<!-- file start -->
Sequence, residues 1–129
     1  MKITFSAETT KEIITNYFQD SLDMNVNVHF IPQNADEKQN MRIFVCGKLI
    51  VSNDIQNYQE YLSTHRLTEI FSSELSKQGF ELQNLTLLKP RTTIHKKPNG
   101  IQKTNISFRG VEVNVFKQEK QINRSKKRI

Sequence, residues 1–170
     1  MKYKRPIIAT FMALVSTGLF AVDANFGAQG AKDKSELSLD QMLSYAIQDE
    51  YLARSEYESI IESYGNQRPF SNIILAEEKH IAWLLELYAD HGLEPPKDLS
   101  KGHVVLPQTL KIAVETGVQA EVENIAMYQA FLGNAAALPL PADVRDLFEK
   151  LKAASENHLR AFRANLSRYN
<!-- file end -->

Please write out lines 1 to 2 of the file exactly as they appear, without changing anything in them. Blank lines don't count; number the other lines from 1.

Sequence, residues 1–129
     1  MKITFSAETT KEIITNYFQD SLDMNVNVHF IPQNADEKQN MRIFVCGKLI